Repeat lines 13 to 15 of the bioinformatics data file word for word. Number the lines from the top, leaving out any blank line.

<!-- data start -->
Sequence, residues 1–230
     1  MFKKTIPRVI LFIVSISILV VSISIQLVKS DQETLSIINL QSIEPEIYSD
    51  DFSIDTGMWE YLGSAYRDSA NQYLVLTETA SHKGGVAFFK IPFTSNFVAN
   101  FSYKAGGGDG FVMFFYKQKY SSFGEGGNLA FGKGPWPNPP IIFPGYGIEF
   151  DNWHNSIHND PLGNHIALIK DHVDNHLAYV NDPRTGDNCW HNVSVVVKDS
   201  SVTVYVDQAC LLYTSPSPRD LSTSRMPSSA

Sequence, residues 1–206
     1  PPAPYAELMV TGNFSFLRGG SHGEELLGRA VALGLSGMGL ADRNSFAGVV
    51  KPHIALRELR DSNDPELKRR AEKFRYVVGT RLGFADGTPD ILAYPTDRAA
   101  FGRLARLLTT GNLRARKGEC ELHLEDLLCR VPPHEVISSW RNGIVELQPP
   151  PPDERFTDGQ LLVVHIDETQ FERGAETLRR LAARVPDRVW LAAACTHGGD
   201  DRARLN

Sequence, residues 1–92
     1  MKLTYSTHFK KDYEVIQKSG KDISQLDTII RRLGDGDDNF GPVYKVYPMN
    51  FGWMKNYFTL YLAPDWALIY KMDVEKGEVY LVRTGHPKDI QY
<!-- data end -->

Sequence, residues 1–92
     1  MKLTYSTHFK KDYEVIQKSG KDISQLDTII RRLGDGDDNF GPVYKVYPMN
    51  FGWMKNYFTL YLAPDWALIY KMDVEKGEVY LVRTGHPKDI QY